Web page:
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Fukushima 'not comparable' with Chernobyl: French watchdog

Japan PM says nuclear plant 'stabilising step-by-step'
Tokyo (AFP) April 12, 2011 - Japan's Prime Minister Naoto Kan said Tuesday that the tsunami-hit Fukushima nuclear plant is gradually stabilising and that the amount of radiation being released is falling. "Step by step, the reactors in the Fukushima Daiichi power plant are moving toward stability," Kan said in a televised press conference. "The level of radioactive materials released is declining." Kan also asked people to return to normal life one month after a massive seabed earthquake sent a tsunami barrelling into Japan's northeast coast, sparking the world's worst nuclear disaster since Chernobyl in 1986. "I have a proposal. Let us live a normal life, as best we can, without falling into a mood of self-restraint, while having compassion for the people who were affected by the disaster," Kan said.

The giant wave knocked out the cooling systems at the Fukushima Daiichi plant, leading fuel rods to overheat and sparking explosions in an ongoing emergency that workers are still battling to bring under control. "We have caused a great deal of trouble for the world," he said. "We must thoroughly explain our experience." "We must make efforts to increase the safety of nuclear reactors," Kan said. "If trouble is found, there might be cases where we may stop reactors." But he added: "At this point, we have no plan to stop operating reactors." The centre-left premier, whose Democratic Party of Japan took power in 2009, also said he wanted the conservative-led opposition to help draft a reconstruction plan after the nation's worst post-war calamity. The March 11 disaster killed more than 13,000 people and left over 14,000 missing. Around 150,000 people are still in emergency shelters.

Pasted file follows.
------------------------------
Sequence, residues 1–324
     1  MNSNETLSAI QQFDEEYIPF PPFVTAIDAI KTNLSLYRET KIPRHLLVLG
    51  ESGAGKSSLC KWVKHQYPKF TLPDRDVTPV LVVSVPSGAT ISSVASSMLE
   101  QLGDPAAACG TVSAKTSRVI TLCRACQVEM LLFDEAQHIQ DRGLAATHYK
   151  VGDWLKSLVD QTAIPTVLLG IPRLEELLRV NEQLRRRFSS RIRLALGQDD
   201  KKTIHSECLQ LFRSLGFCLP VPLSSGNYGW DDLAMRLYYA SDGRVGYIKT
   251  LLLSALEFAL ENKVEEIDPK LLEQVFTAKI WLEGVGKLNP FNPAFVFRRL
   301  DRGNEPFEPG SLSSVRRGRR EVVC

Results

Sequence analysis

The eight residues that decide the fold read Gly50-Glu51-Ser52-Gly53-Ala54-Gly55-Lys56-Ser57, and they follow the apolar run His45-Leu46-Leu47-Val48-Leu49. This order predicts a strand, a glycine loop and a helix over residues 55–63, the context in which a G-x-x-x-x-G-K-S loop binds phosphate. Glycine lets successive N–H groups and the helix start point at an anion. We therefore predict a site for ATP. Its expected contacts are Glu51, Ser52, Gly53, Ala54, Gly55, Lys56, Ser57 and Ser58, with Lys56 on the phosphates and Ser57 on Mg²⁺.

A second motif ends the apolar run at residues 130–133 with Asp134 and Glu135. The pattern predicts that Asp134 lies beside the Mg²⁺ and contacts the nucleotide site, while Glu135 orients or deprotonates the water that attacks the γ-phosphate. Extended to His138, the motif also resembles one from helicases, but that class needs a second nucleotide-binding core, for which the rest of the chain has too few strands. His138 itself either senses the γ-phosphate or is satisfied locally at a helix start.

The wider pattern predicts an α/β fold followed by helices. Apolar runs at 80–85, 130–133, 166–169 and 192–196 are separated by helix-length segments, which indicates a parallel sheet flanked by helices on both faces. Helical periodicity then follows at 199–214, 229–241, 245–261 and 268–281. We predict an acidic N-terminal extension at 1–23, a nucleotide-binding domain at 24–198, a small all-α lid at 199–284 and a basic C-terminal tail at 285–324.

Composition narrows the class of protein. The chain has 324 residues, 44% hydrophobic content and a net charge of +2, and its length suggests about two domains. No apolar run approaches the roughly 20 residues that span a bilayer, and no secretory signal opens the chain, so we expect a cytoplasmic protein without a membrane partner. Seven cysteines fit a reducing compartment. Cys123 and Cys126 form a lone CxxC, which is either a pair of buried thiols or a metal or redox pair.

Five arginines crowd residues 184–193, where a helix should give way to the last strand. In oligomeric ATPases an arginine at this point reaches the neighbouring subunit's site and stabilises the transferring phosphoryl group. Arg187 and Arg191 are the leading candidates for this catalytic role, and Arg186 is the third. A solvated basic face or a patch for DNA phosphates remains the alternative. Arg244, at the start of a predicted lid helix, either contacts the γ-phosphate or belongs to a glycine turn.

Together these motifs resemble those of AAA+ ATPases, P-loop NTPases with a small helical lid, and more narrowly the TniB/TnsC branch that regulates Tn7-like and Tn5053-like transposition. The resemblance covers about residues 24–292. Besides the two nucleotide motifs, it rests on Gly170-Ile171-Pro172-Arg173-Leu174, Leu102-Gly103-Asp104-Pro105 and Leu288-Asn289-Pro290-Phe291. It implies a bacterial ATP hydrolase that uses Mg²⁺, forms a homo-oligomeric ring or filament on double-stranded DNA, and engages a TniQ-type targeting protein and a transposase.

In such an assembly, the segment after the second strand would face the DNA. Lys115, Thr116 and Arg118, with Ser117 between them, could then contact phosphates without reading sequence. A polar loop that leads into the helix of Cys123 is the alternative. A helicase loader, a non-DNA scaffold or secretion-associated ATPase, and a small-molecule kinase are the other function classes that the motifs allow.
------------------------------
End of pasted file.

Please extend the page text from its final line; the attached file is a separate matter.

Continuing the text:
Kan referred to the reconstruction of Japan after World War II and said: "With this disaster as an opportunity, I hope and expect that the momentum will increase to rebuild Japan." Kan said a reconstruction commission would be launched this month. The premier also apologised for the effect on regional farmers after contamination sparked bans on produce from four prefectures, which have since been eased. "For those in the agricultural and fisheries sectors, I deeply apologise for the stoppage of shipment of their products," he said. "As the representative of the government, I offer my deepest apology." With shipping restrictions eased, Kan said: "Consuming produce from the affected region is one way of offering assistance. Let us enjoy products from the region, eat them, and support the region."
by Staff Writers
Paris (AFP) April 12, 2011
The accident at Fukushima has released "significant" amounts of radiation but at levels and with an impact that are "not comparable" to Chernobyl, France's nuclear safety agency said on Tuesday.

"At present... Fukushima is not, nor will it be, Chernobyl, even though it is a very serious accident," the head of the Institute for Radiological Protection and Nuclear Safety (IRSN), Patrick Gourmelon, said.

Japan earlier Tuesday hiked its rating of the Fukushima accident from five to a maximum of seven on a worldwide scale, a slot previously only occupied by the April 26 1986 catastrophe in Ukraine.

"Releases (of radioactivity at Fukushima) have not changed. It is only a re-evaluation in the light of the strict criteria" used for the International Nuclear Events Scale (INES), said Thierry Charles, in charge of safety at the IRSN.

Level seven of INES describes events with "major release of radioactive material with widespread health and environmental effects, requiring implementation of planned and extended countermeasures."

In its assessment, the IRSN said Fukushima differed from Chernobyl on several counts, especially on the amount of radioactivity that has leaked.

Fukushima has had three reactors that have hit problems, as compared with one at Chernobyl.

But the Japanese plant has released only one-tenth of the radioactivity disgorged by Chernobyl because its reactor vessels have so far remained intact, thus keeping almost all of the nuclear fuel enclosed.

In addition, radioactive contamination from Fukushima has been "very local" because of prevailing winds and rain, the IRSN said. Most of the contamination occurred between March 12 and 21.